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date: 14 October 2019

Abstract and Keywords

The book of Psalms offers a means for African Americans—a people who have suffered oppression, enslavement, segregation, dislocation, and second class citizenry—to celebrate God in good and bad times and to express their angst and anguish in intimate fellowship with Him. This is evident, for example, in the narratives of William Anderson, Olaudah Equiano, and Sojourner Truth. Such narratives may provide critical insight into the origins of certain psalms, particularly those that arise from contexts of exile and oppression. This article examines the writings of a former African American slave named “colored Pompey,” whose story is taken from the writings of Peter Randolph, in relation to Psalm 137. It rereads Psalm 137 in light of the story of colored Pompey to show that this text is actually a protest psalm.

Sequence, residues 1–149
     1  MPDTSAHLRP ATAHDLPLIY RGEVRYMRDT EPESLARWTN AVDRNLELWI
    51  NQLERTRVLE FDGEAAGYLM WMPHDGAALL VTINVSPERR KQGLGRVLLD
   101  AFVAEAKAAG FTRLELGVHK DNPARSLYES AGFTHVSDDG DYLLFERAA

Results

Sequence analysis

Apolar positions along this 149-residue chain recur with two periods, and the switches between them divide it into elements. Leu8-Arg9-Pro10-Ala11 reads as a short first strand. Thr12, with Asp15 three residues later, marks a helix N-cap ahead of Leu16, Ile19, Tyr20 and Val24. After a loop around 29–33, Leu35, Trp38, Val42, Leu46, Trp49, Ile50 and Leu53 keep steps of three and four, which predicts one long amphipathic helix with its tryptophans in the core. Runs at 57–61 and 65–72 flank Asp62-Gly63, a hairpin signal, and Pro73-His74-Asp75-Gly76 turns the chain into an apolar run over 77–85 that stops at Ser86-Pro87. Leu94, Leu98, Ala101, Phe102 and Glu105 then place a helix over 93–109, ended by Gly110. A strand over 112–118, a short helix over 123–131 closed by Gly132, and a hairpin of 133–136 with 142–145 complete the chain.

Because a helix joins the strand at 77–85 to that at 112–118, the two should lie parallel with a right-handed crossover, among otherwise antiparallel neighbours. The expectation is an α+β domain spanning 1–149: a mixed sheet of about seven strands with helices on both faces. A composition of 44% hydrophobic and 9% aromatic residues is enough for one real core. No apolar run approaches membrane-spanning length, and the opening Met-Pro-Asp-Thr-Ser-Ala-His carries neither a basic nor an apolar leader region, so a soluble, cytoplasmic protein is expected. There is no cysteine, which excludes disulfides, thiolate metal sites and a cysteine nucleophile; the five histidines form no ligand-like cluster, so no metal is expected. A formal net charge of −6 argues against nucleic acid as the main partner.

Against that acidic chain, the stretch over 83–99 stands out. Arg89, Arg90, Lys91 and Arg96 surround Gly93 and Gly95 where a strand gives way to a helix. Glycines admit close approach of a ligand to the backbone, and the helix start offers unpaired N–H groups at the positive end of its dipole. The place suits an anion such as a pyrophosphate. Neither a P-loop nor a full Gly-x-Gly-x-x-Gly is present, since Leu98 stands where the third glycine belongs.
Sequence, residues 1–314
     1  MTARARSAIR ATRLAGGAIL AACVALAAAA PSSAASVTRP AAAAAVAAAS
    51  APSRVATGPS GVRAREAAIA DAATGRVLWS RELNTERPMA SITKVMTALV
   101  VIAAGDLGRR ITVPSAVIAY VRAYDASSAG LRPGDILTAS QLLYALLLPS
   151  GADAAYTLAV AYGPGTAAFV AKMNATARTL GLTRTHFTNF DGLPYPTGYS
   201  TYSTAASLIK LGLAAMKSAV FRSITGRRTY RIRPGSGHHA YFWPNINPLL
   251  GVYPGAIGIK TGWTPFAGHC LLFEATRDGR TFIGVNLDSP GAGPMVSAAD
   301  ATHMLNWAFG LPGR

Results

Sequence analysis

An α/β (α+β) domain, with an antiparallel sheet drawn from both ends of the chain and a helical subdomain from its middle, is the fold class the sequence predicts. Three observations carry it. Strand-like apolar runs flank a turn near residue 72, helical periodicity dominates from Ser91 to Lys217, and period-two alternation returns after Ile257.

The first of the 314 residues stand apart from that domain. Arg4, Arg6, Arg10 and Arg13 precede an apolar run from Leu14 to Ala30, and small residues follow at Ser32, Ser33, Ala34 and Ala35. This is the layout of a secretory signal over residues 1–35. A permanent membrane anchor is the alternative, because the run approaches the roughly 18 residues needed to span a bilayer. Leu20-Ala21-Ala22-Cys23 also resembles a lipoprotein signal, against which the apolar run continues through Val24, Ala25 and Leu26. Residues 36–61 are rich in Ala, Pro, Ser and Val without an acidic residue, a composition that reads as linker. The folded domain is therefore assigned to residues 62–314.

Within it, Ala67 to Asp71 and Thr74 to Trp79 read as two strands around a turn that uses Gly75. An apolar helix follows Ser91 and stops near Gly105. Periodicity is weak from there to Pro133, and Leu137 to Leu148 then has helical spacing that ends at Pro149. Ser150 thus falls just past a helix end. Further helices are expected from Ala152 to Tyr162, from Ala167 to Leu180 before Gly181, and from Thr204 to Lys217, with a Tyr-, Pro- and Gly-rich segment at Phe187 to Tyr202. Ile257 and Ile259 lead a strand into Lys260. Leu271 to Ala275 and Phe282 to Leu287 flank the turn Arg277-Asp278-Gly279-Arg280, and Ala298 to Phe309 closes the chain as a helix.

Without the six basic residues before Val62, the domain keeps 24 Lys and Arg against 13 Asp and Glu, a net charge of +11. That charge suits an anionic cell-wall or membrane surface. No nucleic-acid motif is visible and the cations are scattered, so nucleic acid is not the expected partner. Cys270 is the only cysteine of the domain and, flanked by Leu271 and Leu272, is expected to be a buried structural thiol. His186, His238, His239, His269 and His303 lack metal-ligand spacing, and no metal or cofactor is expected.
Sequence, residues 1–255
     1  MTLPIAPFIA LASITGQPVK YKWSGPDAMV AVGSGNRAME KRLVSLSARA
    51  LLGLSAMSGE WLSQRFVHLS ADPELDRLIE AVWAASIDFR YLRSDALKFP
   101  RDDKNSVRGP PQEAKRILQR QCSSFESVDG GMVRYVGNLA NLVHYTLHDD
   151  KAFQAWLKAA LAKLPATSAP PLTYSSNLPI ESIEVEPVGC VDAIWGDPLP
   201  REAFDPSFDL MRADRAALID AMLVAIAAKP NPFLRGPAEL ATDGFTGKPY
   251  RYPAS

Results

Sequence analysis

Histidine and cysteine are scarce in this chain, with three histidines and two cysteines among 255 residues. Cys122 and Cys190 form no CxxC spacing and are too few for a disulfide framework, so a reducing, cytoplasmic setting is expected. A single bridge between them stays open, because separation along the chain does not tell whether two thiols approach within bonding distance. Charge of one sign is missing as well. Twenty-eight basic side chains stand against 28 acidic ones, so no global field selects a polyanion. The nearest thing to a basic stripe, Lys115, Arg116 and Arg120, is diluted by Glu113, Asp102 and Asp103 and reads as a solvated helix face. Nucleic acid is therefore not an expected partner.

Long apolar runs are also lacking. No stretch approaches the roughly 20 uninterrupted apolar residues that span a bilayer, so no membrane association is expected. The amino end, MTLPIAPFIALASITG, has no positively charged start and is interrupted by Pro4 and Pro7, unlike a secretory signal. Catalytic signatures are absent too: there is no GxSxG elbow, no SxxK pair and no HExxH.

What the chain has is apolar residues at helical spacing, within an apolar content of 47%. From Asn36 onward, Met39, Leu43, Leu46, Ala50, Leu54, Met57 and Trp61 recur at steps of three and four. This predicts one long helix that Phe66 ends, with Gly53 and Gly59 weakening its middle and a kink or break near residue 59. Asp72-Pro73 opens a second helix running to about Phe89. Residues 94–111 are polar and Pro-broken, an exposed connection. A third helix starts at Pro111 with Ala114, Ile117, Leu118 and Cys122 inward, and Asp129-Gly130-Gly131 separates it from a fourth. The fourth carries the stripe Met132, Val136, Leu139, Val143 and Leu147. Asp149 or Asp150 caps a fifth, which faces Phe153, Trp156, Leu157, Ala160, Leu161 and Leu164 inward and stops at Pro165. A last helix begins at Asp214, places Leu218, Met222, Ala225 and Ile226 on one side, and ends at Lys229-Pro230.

Keywords: Psalms, African Americans, enslavement, slave, colored Pompey, Peter Randolph, Psalm 137, protest

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